Egale explores different philosophy
|BROADER PERSPECTIVE. Gilles Marchildon will lead Egale Canada with fresh ideas and priorities.(Image by Trevor Clayton)||
story by Ian McLeod /
Mar 13 2003
Gilles Marchildon says there is more to his new job as executive director of Egale Canada than changing Canada’s laws.
Marchildon wants to find a place for the organization in community-building and social change, as well as its traditional focus on equality in legislation.
“While there are still important legal issues and battles,” says Marchildon, “I think we will see a shift toward other areas.”
Marchildon’s vision of a broader perspective for Egale includes looking at quality of life issues and the GLBT contribution to the community at large.
“So many avant-garde artists and social innovators come from our community,” points out Marchildon, “and I think we should look at those contributions.”
Marchildon also feels that spirituality is an area worth exploring, although he is quick to point out that he does not necessarily mean religion.
“Out of that (exploration), I’m hoping we can identify a contribution that is ours to make.”
But he knows that Egale Canada’s mission as an advocacy group for GLBT legal equality may never be completed.
“Our legal situation is much better than it was 10 years ago,” says Marchildon, “I think Egale’s role may become more of a watchdog. I think it was Thomas Jefferson who said, ‘The price of liberty is eternal vigilance.’”
But Marchildon also plans to continue ongoing action on several legal fronts. His priorities include not only same-sex marriage, but also hate crimes legislation, which he pointed to as one of his top policy priorities.
“The House of Commons Standing Committee on Justice and Human Rights is moving forward with discussions on Bill C-250.”
Marchildon is less impressed with the committee’s panel on same-sex marriage.
He says, “The only thing that would satisfy us is a bill to legalize same-sex marriage, and I don’t think that will happen.”
The Criminal Code is another possible focus for Egale’s awareness-raising activities in the future, particularly the “common bawdy-house” provisions in Part VII of the Code, which have been used to target bathhouses, bars and private parties in the past.
The section criminalizes, among other things, owning, running or using the services of a place for the “practice of acts of indecency.”
“It’s ridiculous that two consenting adults in a private space would be charged for normal activity. Sexual expression is a perfectly normal activity,” says Marchildon.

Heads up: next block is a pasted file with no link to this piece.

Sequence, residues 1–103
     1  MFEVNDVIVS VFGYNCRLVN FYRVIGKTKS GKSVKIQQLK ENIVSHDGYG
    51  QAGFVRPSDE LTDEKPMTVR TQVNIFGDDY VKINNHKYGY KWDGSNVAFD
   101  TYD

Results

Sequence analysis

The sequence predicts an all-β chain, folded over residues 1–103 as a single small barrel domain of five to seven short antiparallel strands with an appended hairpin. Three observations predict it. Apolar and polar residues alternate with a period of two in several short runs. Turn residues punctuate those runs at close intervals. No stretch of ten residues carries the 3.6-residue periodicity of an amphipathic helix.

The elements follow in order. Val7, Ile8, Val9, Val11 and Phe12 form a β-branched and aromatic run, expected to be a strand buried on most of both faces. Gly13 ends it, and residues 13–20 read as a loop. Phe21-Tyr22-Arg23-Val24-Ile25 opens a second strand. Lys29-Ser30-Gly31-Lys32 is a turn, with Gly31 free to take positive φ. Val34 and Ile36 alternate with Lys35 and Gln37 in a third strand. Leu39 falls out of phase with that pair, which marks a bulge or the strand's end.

“I don’t see what role the state has to play when the only harm done is to people’s sensibilities.”
His philosophy also extends to Criminal Code provisions on nudity and indecent acts. The Code’s provisions state that the acts are illegal in a “public place,” but Marchildon questions the definition of “public.”
“Deep in a park at 3AM is not a public space in the same way as a street corner.
“Is the problem that it is offending sensibilities, or is it a question of public harm from things like used condoms?”
If the latter, Marchildon suggests clean-up crews for cruising areas and public sex spaces might be more effective and cheaper than using plainclothes and uniformed officers.
Marchildon is aware that his not being a lawyer sets him apart from his predecessor in his approach to some issues.
“I’m not looking to fill John Fisher’s shoes,” he points out.
(Fisher, the former executive director of Egale Canada, will be fêted at the Egale Gala on April 3.)
He adds that the creation of a director of advocacy position, currently staffed by Fisher on an interim basis, leads to less emphasis for him on the nitty-gritty of the law, which seems to play to his strengths.
“I do not necessarily do justice to the legal complexities, but I can explain it better to the average person.”
Marchildon’s background in communications and events planning, as a founder of the Winnipeg-based People + Ideas, should also prove to be a strength when it comes to organizing the “Rainbow Visions” conference, to be held in Montreal in mid-May.
“It’s a Woodstock of ideas,” he says, “to help us create a blueprint for the next five years.”